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CTM VT 2K
2005-Feb-14, 10:51 AM
Monty Python meets Emergeny Medical Services

http://www.msnbc.msn.com/id/6954586/

In Virginia EMT's can only pronounce death when... there are "Obvious Signs of Mortality" or "Signs Inconsistant with Life" - e.g. the head is separated from the body, obvious putrification (the body has been there for a while and is decaying) etc.

The only time we'd leave this guy for dead would be in a Multiple Casulty Incident. In an MCI, we triage the patients and those that are not breathing / do not breathe on their own when we open their airway we leave for dead. We move on to those who are still breathing and try to save them. Those who can walk, we have walk to a holding area where we'll get to them when we can. It's not a good feeling when we have to leave someone for dead - I've done it. Eventually if enough medics arrive, we do a good check on even the black tags.

This guy was the lone patient. It shouldn't have made a difference how bad he was hurt - as long as the head was still attached to the body he should have been treated. He still might die, but in VA that determination isn't made in the field. It's made in the hospital.

How is it that it can be this bad in NC?

/rant

Swift
2005-Feb-14, 02:26 PM
I agree, this was just bad work by the EMTs. Especially arriving that quickly at the scene, they should have run the code. 99 times out of 100 (I'm making up that stat) a trauma code that bad will not make it, but you need to try.

Back when I did this in Rhode Island, we had basically the same rules as you mentioned. I had one call along those lines, where the patient had obvious signs they had been dead for a while (I'll skip details, in case anyone is sensitive). I was kind of thankful we didn't have to run that one. I feel some sympathy for the EMTs, but they did mess up.

Nicolas
2005-Feb-14, 02:45 PM
Related, local workplace first aid rules used to presribe that a person needed to be reanimated (mouth to mouth + heart massage) by other (previously assigned) personnel (until professionals arrived) as long as the head wasn't fully detached from the body and separated by more than 20 (or 30?) cm. This was done to prevent any non-professional from mistakenly leaving someone unaided and "dead".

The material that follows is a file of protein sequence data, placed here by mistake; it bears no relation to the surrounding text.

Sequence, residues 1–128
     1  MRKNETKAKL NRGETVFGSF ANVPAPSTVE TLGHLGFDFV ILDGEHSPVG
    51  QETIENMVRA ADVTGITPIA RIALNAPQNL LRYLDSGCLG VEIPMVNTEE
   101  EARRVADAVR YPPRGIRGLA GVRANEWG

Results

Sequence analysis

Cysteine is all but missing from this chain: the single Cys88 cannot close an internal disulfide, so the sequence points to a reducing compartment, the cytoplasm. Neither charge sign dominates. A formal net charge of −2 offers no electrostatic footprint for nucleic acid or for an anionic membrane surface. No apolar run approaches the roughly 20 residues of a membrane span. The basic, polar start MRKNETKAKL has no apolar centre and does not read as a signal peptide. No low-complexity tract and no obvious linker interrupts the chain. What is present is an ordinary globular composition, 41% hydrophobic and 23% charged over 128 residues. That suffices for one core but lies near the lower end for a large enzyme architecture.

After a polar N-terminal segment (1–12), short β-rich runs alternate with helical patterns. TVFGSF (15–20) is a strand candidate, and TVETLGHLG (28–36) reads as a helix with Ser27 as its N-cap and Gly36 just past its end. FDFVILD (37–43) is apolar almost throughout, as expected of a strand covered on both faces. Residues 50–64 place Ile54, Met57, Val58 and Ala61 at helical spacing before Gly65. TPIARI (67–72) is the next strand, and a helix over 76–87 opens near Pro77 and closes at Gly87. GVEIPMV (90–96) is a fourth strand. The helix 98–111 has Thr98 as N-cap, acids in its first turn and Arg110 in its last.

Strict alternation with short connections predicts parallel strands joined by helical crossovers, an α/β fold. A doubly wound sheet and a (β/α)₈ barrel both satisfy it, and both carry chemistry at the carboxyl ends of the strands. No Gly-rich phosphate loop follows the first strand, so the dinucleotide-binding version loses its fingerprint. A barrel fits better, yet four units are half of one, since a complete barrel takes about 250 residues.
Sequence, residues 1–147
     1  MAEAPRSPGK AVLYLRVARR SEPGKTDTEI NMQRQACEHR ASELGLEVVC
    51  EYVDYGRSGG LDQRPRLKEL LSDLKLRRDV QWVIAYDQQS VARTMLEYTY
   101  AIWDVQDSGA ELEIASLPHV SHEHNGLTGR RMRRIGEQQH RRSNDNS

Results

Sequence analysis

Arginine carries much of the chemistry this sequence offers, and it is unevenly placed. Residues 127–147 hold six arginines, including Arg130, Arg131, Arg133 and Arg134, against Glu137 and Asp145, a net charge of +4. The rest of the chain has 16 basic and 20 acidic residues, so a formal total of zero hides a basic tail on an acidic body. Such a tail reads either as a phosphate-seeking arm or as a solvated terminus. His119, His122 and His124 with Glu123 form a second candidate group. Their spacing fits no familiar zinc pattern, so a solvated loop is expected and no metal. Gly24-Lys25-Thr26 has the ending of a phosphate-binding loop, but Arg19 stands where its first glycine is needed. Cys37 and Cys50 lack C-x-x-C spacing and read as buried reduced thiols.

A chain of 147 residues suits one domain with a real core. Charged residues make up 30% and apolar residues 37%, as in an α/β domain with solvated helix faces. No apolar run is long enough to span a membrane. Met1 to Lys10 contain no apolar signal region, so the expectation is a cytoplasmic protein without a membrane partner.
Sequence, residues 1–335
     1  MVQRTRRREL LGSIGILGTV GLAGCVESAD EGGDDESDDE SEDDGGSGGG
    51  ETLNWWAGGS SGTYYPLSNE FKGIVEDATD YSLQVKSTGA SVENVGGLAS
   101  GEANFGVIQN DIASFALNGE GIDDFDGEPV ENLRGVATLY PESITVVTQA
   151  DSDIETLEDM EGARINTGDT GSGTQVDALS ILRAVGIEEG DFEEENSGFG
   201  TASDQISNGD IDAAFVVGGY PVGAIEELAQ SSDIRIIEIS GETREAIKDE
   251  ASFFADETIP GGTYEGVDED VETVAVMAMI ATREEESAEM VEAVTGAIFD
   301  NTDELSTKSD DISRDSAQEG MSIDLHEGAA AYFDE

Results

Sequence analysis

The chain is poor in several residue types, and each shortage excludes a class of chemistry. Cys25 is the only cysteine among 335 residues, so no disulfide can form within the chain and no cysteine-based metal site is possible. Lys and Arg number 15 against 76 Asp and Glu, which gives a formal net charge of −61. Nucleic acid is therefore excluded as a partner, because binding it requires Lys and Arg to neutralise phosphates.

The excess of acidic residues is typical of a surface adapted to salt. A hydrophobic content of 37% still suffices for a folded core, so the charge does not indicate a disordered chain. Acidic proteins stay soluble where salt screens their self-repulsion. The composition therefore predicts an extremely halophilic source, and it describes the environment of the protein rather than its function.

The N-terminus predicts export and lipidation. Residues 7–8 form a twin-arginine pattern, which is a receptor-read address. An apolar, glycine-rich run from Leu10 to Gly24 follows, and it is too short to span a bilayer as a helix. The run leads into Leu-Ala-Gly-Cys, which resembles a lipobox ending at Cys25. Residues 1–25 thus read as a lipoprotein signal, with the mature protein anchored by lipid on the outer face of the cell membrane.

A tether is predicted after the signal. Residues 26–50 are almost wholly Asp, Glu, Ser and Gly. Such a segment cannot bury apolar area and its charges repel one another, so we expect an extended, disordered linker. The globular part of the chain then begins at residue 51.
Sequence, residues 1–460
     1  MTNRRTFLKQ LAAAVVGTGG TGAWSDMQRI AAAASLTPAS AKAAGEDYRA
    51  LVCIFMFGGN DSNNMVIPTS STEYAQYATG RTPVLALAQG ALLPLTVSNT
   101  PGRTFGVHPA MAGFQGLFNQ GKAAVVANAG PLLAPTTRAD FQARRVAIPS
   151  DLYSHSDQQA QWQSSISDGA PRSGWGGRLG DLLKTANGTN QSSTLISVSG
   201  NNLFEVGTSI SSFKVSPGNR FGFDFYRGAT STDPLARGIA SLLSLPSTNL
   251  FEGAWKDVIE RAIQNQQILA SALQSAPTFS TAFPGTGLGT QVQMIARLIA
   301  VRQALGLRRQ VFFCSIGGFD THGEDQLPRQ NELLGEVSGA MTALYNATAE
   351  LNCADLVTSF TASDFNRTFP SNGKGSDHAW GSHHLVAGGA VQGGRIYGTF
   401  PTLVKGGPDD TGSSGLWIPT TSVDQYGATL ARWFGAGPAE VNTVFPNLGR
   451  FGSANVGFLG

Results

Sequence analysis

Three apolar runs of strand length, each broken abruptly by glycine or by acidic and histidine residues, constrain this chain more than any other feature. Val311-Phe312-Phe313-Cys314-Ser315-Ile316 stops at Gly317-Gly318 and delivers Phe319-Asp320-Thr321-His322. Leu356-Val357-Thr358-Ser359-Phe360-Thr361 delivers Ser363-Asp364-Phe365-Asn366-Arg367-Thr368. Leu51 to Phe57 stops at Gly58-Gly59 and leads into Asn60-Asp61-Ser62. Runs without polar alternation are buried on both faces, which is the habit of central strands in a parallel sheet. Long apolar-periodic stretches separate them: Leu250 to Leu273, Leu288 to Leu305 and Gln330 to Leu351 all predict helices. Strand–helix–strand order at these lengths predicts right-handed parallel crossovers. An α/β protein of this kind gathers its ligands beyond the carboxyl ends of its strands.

The 30cm rule is rejected last year: the new personnel medical training (first aid training for members of the personel who volunteer to participate) prescribe that reanimation should be attempted unless the head is fully separated from the body, no distance given.

Sorry for the details, but this is how those rules prevent misidentfication of death by unprofessional people.

I don't know what the professional's list looks like, but I don't think it is a bad thing to aim it at the safe side.

Let's hope the man recovers.

jfribrg
2005-Feb-14, 07:02 PM
I had a neighbor years ago who was declared dead in his youth. I remember him as a very fit and healthy old man, but in 1909, when he was 21 years old, he was supposedly "killed" in some kind of army accident. He was taken to a morgue where many hours later the coroner discovered that he was still breathing. They took him to the hospital (back then not many seriously ill people came out alive), where he eventually made a full recovery. I was certain that he would make it to 100, but he failed quickly and died in 1988 at the age of 95. As an aside, he had a certain claim to fame. He bunked for a while with a certain junior officer. 2Lt Patton was his bunkmate's name.

kucharek
2005-Feb-14, 07:07 PM
in 1909, when he was 21 years old...
...in 1988 at the age of 95.

[-X

sts60
2005-Feb-14, 09:26 PM
Here in Maryland, the protocols allow for presumption of death in the field for:
a) Decapitation
b) Decomposition
c) Rigor mortis
d) Pulseless, apneic patient in MCI situations
e) Pulseless, apneic patient with injury not compatible with life